Question about Christmas Lights Etc Toys

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How do I pick a right bulb for Christmas tree and string lights? Some are 2.5V some 3.5V some 5V... Some say 2.5-3.5v. I replaced some burned bulbs with generic 2.5-3.5V bulbs from stores and they are

Replacing bulbs with various ones. It seams there are different voltage bulbs, even when the same voltage rating, they have different power/currents/resistances

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If you are lucky, it is very simple. But then, it can get complicated.
Given that you are talking about classic incandescent (non-LED) bulbs:
Strings are made of certain number of bubs connected one after another (in line, daisy chained), so voltage is split among them. 10, 25, 35, 50 are common numbers. If your string has 75, 100, 150 or so, it is built with 2 or more groups of lights. I.e. two groups of 50 bulbs in-a-row. (two groups are connected in parallel, so both are getting 110V).
If in doubt, pull one bulb out and count how many bulbs turned off.
Divide 110V with how many lights you have in the string (one group) and that is an approximate voltage of each bulb.
50 pcs - 2.5V
35 pcs - 3.5V
20 pcs - 5V
10-12pcs - 12V
35-50 pcs in-row sets are most common. If you buy generic 2.5V-3.5V replacement bubs, they will work in any 35-50 pcs set. The brightness difference will be small.

You should replace the burned bulbs as soon as possible. Each bulb has what is called "anti-fuse". When it burns, it creates an open circuit. This means, that all 110V will show at the contacts of a burned bub. inside of the wire is aluminum wire wrapped about contacts that hold the filament. This wire is coated with oxide that acts as an insulator. 110V is enough to burn through the oxide insulator, and burned bulb gets bypassed, allowing other bulbs to stay on. However, as 110V is now divided to smaller number of bulbs, meaning each bulb gets higher voltage. After several bulbs are burned, the voltage becomes too high, and all of them burn.

This was an easy part. However, there are some differences when you look at different manufacturers and types of lights.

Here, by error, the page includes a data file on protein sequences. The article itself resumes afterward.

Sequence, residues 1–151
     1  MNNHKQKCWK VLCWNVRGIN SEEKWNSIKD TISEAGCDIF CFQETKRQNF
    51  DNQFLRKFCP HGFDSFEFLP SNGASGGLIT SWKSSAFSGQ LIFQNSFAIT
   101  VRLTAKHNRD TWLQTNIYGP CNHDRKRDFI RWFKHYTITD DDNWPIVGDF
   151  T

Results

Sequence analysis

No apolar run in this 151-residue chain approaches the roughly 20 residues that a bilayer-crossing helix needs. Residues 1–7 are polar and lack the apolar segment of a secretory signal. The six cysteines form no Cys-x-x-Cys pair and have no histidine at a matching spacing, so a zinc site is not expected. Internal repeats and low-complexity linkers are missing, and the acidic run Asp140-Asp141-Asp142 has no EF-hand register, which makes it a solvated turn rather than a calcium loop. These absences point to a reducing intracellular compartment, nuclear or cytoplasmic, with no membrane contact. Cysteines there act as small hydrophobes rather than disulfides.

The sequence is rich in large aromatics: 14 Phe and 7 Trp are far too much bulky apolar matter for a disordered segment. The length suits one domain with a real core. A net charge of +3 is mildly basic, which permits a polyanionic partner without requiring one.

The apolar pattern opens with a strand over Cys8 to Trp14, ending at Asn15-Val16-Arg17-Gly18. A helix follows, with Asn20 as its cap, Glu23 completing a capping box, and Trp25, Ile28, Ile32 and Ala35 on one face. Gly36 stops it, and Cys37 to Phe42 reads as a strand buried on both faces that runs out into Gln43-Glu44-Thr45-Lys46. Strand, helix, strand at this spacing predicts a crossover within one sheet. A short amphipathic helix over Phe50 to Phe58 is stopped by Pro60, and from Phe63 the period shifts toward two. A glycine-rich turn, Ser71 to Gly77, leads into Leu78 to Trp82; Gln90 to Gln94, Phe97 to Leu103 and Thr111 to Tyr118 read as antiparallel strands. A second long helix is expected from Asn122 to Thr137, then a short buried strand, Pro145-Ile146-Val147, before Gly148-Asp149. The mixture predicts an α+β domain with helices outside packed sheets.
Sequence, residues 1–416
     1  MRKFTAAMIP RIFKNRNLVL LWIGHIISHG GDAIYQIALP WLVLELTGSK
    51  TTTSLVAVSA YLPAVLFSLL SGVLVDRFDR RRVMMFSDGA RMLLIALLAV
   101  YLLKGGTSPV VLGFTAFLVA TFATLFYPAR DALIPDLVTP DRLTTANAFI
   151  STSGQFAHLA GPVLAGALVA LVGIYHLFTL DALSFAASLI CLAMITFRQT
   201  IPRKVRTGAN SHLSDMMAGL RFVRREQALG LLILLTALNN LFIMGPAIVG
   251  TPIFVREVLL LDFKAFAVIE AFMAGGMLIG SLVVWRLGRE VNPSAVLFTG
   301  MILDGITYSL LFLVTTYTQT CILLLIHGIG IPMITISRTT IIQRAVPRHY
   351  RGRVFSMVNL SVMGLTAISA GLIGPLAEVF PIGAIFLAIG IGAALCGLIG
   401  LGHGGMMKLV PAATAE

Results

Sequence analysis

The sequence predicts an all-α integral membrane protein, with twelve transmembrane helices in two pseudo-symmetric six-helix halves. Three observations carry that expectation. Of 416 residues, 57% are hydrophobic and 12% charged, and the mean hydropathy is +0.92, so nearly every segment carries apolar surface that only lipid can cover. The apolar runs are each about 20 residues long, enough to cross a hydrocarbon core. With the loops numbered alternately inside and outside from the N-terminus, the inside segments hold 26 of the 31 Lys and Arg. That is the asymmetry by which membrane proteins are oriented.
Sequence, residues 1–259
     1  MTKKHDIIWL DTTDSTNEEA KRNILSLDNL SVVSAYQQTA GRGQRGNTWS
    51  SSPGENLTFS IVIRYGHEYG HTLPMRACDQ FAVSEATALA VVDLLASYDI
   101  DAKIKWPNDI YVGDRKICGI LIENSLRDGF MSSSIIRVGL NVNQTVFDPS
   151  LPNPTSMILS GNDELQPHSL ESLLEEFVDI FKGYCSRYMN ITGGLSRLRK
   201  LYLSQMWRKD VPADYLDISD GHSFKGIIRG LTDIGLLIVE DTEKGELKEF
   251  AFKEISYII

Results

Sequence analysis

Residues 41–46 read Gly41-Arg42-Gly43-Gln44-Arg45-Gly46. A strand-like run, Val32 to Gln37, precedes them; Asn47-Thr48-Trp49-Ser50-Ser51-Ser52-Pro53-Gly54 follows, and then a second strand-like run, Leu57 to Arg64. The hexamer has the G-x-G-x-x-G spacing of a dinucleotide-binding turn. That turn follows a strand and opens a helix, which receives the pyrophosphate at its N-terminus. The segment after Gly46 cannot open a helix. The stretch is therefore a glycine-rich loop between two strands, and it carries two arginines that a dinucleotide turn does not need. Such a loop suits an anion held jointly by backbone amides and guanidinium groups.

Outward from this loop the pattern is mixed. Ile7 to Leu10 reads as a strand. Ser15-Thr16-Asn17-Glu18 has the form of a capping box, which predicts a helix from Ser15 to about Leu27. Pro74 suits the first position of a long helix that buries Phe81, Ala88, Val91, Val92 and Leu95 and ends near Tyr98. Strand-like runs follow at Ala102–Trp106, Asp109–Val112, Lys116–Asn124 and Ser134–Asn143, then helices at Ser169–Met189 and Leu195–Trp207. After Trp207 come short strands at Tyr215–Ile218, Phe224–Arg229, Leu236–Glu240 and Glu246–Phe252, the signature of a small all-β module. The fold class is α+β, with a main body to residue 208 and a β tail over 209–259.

I.e., 2.5V bulb will usually draw 150mA at 2.5V. However, some longer strings, or strings with three groups of racing lights use
2.5V 100mA (0.25W) bulbs. If you believe your string should use 2.5V bulb, and replacement one is dim when installed, try 100mA bulbs. Search the web or eBay.
If you have similar problem with other voltages, and you don't remember exact model and manufacturer f lights (who keeps boxes anyway?) that you need to research different versions of certain voltage bulb. Again, Google it or eBay/Amazon, are good places to do it. takes some time to find the answer.

Another difference are Sylvania Stay-Lit lights. They don't use anti-fuse bulbs. Often, they use 2.5V 70mA bulbs. No aluminum wire inside. They are patented to stay lit even if you remove the bulb, or break it. Inside of the socket they have electronic circuit (thermistor I think) that "senses" missing or burned bulb, and takes over the current for other bulbs, with almost the same voltage drop/resistance, as the bulb would have. In this case, there is no risk for other bulbs to get higher voltage and burn.
I recommend to use proper replacement bulbs (with no anti-fuse). As a temp solution (if you want all bubs shining and it will take time for right replacement ones to arrive), bulbs with anti-fuse will work (i.e. 2.5V 100mA) but when/if those burn the aluminum wire inside makes a short, deceiving the purpose of stay-lit electronic circuit and puts more voltage/stress on other bulbs.

Hope this helps. Good luck!

Posted on Nov 30, 2014